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Ji-Eun Kim
and
Chidong Zhang

Abstract

The Madden–Julian oscillation (MJO) is a large-scale eastward-moving system that dominates tropical subseasonal perturbations with far-reaching impacts on global weather–climate. For nearly a half century since its discovery, there has not been a consensus on the most fundamental dynamics of the MJO, despite intensive studies with a number of theories proposed. In this study, using a simple analytical approach, we found a solution to the linear equatorial shallow-water equations with momentum damping that resembles a harmonic oscillator. This solution exhibits the key characteristics of the observed MJO: its intraseasonal periodicity at the planetary scale and eastward propagation. In contrast to theories that interpret the MJO as a new mode of variability emerging from the evolution in moisture, our solution emphasizes that the core of the MJO resides in the dynamics without explicit fluctuations in moisture. Moisture still plays a role in supplying energy to the core dynamics of the MJO, and determining the value of the equivalent depth required by the theory. The energy source may come from stochastic forcing in the tropics or from the extratropics. The scale selection for the MJO comes from scale-dependent responses to scale-independent Rayleigh damping. We also demonstrate that the MJO solution introduced here reproduces the observed swallowtail structure and the phase relation between zonal wind and geopotential of the MJO, and the continuum nature of the transition between the MJO and Kelvin waves. Roles of feedback mechanisms in the MJO are also discussed using the same simple mathematical framework.

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Ji-Eun Kim
,
Chidong Zhang
,
George N. Kiladis
, and
Peter Bechtold

Abstract

Reforecasts produced by the ECMWF Integrated Forecast System (IFS) were used to study heating and moistening processes associated with three MJO events over the equatorial Indian Ocean during the Dynamics of the Madden–Julian Oscillation (DYNAMO) field campaign. Variables produced by and derived from the IFS reforecast (IFS-RF) agree reasonably well with observations over the DYNAMO sounding arrays, and they vary smoothly from the western to eastern equatorial Indian Ocean. This lends confidence toward using IFS-RF as a surrogate of observations over the equatorial Indian Ocean outside the DYNAMO arrays. The apparent heat source Q 1 and apparent moisture sink Q 2 produced by IFS are primarily generated by parameterized cumulus convection, followed by microphysics and radiation. The vertical growth of positive Q 1 and Q 2 associated with the progression of MJO convection can be gradual, stepwise, or rapid depending on the event and its location over the broader equatorial Indian Ocean. The time for convective heating and drying to progress from shallow (800 hPa) to deep (400 hPa) can be <1 to 6 days. This growth time of heating and drying is usually short for convective processes alone but becomes longer when additional microphysical processes, such as evaporative moistening below convective and stratiform clouds, are in play. Three ratios are calculated to measure the possible role of radiative feedback in the MJO events: amplitudes of radiative versus convective heating rates, changes in radiative versus convective heating rates, and diabatic (with and without the radiative component) versus adiabatic heating rates. None of them unambiguously distinguishes the MJO from non-MJO convective events.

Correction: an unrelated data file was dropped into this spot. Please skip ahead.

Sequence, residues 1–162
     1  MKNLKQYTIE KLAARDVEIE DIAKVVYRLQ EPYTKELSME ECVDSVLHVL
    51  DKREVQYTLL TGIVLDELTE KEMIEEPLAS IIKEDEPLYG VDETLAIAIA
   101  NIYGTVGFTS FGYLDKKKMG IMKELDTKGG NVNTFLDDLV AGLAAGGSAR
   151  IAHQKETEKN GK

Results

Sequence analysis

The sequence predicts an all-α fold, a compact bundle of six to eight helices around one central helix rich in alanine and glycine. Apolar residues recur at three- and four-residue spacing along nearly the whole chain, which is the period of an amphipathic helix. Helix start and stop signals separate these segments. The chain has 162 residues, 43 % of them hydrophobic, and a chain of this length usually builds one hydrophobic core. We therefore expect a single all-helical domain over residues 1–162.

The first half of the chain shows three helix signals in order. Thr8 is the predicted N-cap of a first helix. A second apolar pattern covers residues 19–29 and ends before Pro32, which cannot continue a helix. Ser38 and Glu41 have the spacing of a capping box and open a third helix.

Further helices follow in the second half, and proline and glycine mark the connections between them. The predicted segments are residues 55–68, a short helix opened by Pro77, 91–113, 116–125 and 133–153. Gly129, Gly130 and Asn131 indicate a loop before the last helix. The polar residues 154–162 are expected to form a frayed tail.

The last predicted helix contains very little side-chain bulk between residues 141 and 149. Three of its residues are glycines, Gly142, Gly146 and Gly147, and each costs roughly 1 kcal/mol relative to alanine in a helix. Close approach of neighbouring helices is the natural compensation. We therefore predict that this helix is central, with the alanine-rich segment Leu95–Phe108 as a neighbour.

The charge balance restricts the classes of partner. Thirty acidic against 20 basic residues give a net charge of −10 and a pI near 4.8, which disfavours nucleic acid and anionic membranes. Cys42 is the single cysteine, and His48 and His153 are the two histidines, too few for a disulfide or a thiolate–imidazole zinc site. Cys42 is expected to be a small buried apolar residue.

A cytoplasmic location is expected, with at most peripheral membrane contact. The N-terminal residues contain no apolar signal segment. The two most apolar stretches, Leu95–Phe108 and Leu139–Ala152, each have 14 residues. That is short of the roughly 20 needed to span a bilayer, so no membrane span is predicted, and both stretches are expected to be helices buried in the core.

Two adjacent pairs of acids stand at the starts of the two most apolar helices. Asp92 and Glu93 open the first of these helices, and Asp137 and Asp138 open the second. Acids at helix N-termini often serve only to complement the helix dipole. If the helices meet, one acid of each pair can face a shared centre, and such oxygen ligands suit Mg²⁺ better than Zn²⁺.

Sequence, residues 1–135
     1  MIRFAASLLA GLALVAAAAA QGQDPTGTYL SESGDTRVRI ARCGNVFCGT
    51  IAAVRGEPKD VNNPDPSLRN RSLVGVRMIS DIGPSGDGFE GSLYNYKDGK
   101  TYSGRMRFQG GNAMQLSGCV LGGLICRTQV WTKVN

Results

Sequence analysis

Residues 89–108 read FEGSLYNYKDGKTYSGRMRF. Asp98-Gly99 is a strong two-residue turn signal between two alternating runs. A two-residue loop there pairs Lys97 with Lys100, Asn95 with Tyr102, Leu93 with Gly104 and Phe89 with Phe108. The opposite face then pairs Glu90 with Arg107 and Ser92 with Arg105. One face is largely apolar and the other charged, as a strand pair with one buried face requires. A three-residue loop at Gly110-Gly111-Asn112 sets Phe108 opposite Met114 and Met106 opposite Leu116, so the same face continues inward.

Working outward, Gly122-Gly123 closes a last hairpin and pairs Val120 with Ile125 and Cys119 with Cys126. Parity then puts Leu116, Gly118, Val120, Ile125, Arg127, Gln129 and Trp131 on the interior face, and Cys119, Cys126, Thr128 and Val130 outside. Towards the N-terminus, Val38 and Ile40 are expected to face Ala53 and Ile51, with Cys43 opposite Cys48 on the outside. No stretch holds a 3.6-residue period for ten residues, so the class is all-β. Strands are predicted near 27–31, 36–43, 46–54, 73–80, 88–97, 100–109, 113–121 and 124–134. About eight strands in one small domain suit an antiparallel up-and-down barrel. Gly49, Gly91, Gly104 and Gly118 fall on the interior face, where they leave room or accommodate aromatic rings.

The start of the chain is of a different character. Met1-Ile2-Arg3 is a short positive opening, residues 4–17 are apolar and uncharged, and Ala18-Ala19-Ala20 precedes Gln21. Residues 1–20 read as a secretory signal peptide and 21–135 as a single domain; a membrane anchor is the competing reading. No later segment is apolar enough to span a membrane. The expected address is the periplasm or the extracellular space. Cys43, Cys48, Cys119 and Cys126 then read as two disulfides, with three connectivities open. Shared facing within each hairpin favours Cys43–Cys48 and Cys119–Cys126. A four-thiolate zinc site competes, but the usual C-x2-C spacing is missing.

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M. Joan Alexander
,
David A. Ortland
,
Alison W. Grimsdell
, and
Ji-Eun Kim

Abstract

Using an idealized model framework with high-frequency tropical latent heating variability derived from global satellite observations of precipitation and clouds, the authors examine the properties and effects of gravity waves in the lower stratosphere, contrasting conditions in an El Niño year and a La Niña year. The model generates a broad spectrum of tropical waves including planetary-scale waves through mesoscale gravity waves. The authors compare modeled monthly mean regional variations in wind and temperature with reanalyses and validate the modeled gravity waves using satellite- and balloon-based estimates of gravity wave momentum flux. Some interesting changes in the gravity spectrum of momentum flux are found in the model, which are discussed in terms of the interannual variations in clouds, precipitation, and large-scale winds. While regional variations in clouds, precipitation, and winds are dramatic, the mean gravity wave zonal momentum fluxes entering the stratosphere differ by only 11%. The modeled intermittency in gravity wave momentum flux is shown to be very realistic compared to observations, and the largest-amplitude waves are related to significant gravity wave drag forces in the lowermost stratosphere. This strong intermittency is generally absent or weak in climate models because of deficiencies in parameterizations of gravity wave intermittency. These results suggest a way forward to improve model representations of the lowermost stratospheric quasi-biennial oscillation winds and teleconnections.

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